Friday 17 November 2017

Never Let Me Go

(November 2017)

Gyah. What a singularly frustrating book. What, to be more specific, a singularly frustrating narrator.

Kathy, who is both narrator and protagonist, is almost willfully naïve and incurious throughout the entire novel. I spent the longest time thinking this was deliberate on her part, that she was another one of Ishiguro’s unreliable narrators keeping back her darkest secret until a big reveal just before the very end reveals their self-inflicted sense of guilt. And while I suppose she is, in a way, the degree to which she also seems to be (un)affected by that reveal does make you question exactly how much of that reticence is meant to be read as intentional. How much is she (as I first supposed) deliberately blinding herself (and so us) to the horrors of the world around her? Or, how much is she (as I came to suspect) just a bit dumb?

How much, to follow that train of thought, is that ignorance down to how she’s been raised? It’s the nature versus nurture question, as ever. She’s a thirty-one-year-old woman writing largely about her mid-to-late teens, most notably about the hyper-sensitivity to nuance that develops between friendship groups at that age—when it feels like your friends are the whole world, any minor slight or dismissal takes on almost literal world-shattering proportions. In many ways she hasn’t progressed since then, either emotionally or intellectually: At one point late in the book she writes about her adult sex life, claiming to feel a subtle postcoital tension with her partner “…even after we'd done it really well…” What kind of adult talks about "doing" sex “well”? Her constant, sledgehammer-subtle foreshadowing of every incident relates feels like the lazy signposting of an academic essay transposed to the diary of a teenage girl—it’s only a matter of register which separates, “Well, anyway, this era of putting Harry off lasted maybe a couple of weeks, and then came Ruth's request,” followed by a portentous section break, from, “…to which discussion now turns.” Its effect here is to feel like a poor, or at least inexperienced, writer’s attempts to ramp up the tension.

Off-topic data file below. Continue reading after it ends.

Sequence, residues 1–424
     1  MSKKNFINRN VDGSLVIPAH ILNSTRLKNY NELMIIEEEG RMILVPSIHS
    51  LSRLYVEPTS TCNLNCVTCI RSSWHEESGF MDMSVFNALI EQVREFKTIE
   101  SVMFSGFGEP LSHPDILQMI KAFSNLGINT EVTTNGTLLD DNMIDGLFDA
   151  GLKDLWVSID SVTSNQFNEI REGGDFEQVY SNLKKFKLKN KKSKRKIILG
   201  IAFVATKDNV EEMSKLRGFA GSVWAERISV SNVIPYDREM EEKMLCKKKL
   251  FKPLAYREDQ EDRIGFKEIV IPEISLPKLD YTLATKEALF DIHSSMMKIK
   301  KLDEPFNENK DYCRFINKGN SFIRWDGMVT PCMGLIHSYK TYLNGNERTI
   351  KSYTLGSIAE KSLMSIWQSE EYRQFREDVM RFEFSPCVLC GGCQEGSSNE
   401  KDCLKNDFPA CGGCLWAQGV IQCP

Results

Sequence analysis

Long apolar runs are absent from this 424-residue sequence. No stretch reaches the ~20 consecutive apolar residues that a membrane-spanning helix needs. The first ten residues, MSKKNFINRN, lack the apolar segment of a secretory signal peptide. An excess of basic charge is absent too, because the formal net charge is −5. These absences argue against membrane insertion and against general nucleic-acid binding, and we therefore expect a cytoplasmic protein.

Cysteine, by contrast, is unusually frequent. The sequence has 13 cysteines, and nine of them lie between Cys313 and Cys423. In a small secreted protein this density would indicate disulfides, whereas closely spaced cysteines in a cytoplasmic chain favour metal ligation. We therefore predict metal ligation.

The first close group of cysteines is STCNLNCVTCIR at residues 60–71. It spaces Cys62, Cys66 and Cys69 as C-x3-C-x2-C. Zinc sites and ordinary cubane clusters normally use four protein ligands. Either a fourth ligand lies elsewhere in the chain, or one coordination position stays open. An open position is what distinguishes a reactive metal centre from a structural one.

As my dad used to like to say about Les Dawson’s piano skills, however, “It takes a great player to play that badly.” All of this is undoubtedly deliberate on Ishiguro’s part. Not the frustration, perhaps, but definitely the sense of the narrator stranded in an awkward stage of arrested development. The frustration probably says more about me than the book, but I got to within forty pages of the end and had to put it down for a while before finishing it off, so obvious was the disappointment Kathy and Tommy were setting themselves up for, and so painful was the prospect of experiencing it with them. Expert emotional manipulation right there—you’ll note that while I’ve repeatedly said the book was frustrating, I never said it was bad. Kathy might be a clumsy and incurious writer, but her creator most definitely isn’t.

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